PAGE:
Paul Cockayne – 07791 970406 – firstname.lastname@example.org
Welcome to my counselling blog. You can find more information about me by clicking one of the links at the top of this page
In my last blog I talked about my habit of speeding up while driving and the need for me to monitor my speed regularly and slow myself down. And I talked about how we can do that with our emotions, behaviours and thoughts, so that we counterbalance unwanted habits.
So, for example, you can monitor your stress levels and do something to reduce stress, rather than let it build up unnoticed. At the end of the blog last time I posed the question of whether you can stop getting stressed in the first place. Can you get to the root cause of your emotions and change them there, rather than managing and monitoring them?
Well, the short answer to that question is that yes, I believe you can – but often it’s not very easy. To start with, it’s not easy to understand why we get stressed, or fearful, or sad – or indeed, happy – in different circumstances. I know that being late stresses me, whereas it doesn’t bother other people in the slightest. And why are people scared by different things? Why do we cry in different circumstances?
It’s all very personal and often these things go back a long way. When we are children we are very flexible and our brains are developing rapidly. We develop not only our knowledge but also our connections. We experience emotions much more strongly as children and so experiences – or stories – can make a deep impression, especially if repeated. So if an older brother liked to tease you with stories of bogey men coming to get you at night, you might well end up scared of the dark. If days at the seaside are always sunny and happy, you will probably feel happy at the sight of the sea as an adult.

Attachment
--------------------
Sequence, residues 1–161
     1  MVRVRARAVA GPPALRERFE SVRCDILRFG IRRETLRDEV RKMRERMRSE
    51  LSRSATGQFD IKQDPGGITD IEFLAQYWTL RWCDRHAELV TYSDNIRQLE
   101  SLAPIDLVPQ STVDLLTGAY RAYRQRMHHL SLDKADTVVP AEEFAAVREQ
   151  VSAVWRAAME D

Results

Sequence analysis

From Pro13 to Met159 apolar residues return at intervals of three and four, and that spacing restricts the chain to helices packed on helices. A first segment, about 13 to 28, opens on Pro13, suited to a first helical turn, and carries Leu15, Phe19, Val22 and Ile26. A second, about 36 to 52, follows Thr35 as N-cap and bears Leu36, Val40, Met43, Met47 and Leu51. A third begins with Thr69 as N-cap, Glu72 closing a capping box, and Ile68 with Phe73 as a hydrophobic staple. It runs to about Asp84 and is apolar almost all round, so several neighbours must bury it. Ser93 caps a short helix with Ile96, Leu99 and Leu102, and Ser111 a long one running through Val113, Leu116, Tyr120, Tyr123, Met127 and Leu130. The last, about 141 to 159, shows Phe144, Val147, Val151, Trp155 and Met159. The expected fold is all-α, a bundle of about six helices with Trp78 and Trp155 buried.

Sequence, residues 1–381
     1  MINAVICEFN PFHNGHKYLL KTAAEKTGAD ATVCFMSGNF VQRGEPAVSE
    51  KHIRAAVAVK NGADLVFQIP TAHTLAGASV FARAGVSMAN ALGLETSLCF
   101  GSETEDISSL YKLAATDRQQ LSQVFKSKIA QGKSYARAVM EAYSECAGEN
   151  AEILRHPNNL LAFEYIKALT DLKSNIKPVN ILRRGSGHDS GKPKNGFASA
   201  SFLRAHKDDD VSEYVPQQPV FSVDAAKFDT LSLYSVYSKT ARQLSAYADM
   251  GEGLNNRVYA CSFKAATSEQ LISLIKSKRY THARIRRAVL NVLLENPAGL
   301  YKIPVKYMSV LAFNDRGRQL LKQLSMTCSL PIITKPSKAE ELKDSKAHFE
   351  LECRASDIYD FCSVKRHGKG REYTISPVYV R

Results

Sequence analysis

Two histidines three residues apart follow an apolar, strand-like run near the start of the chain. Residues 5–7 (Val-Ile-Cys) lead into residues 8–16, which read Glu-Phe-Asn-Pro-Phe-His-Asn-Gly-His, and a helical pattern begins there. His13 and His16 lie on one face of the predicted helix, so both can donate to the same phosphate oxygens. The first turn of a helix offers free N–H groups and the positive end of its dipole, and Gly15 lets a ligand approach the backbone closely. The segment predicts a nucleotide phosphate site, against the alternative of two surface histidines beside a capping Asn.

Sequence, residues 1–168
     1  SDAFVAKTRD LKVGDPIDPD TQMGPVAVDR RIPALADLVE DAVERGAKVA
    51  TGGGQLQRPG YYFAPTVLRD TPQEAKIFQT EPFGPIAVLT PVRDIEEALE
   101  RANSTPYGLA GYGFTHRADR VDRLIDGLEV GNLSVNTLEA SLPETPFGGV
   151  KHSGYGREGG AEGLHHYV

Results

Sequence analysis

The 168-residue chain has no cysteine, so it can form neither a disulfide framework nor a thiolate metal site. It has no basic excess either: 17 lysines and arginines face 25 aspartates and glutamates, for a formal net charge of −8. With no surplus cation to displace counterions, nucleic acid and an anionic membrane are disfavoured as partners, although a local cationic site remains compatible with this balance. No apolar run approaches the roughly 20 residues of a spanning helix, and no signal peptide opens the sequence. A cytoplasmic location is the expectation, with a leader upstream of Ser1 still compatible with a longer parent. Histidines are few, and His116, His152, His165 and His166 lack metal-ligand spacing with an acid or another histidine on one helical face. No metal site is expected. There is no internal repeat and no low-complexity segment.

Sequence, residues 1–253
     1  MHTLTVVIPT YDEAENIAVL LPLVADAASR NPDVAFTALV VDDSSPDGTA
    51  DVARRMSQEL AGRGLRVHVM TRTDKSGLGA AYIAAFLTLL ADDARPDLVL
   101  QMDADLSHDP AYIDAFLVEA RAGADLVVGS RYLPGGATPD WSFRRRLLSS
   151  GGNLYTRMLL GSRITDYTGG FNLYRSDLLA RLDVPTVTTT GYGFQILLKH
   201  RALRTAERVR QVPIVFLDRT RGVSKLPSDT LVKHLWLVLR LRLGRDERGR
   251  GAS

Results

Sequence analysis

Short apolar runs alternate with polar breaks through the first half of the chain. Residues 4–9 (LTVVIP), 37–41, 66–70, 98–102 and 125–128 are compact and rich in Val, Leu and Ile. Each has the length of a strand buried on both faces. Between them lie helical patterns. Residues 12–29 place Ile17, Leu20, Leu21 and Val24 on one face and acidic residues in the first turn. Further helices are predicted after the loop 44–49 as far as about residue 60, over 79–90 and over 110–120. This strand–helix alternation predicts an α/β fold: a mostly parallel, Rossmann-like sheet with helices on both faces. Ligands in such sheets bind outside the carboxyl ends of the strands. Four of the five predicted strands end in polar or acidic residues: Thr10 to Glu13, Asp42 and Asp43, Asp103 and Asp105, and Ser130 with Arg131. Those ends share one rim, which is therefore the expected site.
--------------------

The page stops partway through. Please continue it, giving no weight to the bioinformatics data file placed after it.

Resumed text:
Patterns are developed from our experiences – but of course we can’t always remember our experiences, especially if they happened at a young age, and so it can be hard to understand why the connections are there. Why do certain types of music affect us in different ways? Why is red your favourite colour? Why are you attracted to people with brown eyes? These preferences may go back to the cradle.
The answers to many of these questions of our likes and dislikes may not matter, but if you want to change – to overcome your fear of spiders, or to stop getting stressed when you are late – it can be helpful to understand the connections, because what you need to do is to change them, to re-wire your brain, in a way.
I think I know why I get stressed when I am late. My mother was always on a tight schedule in the mornings – to catch a bus across London for her work – and so if I was slow to get ready, I’d make her late, and she’d be stressed and maybe get annoyed with me. So now, when I am running late, and find my stress levels rising, I can fight that childhood connection. “I am not 5 years old, my mother is not late for work, I am not in trouble. I am just a few minutes late for an unimportant meeting. Nobody will get angry with me”.
In the moment, this sort of mantra can help to reduce my stress levels. Repetition of these messages can change the connections in my brain. The connections are made by repetitions as a child and, once understood, they can be changed by repetitions as an adult. A problem is, however, that as adults, our brains are much less flexible than they are when we are children, so the connections are slower to break and slower to rebuild.
But can it be done? Yes, for sure.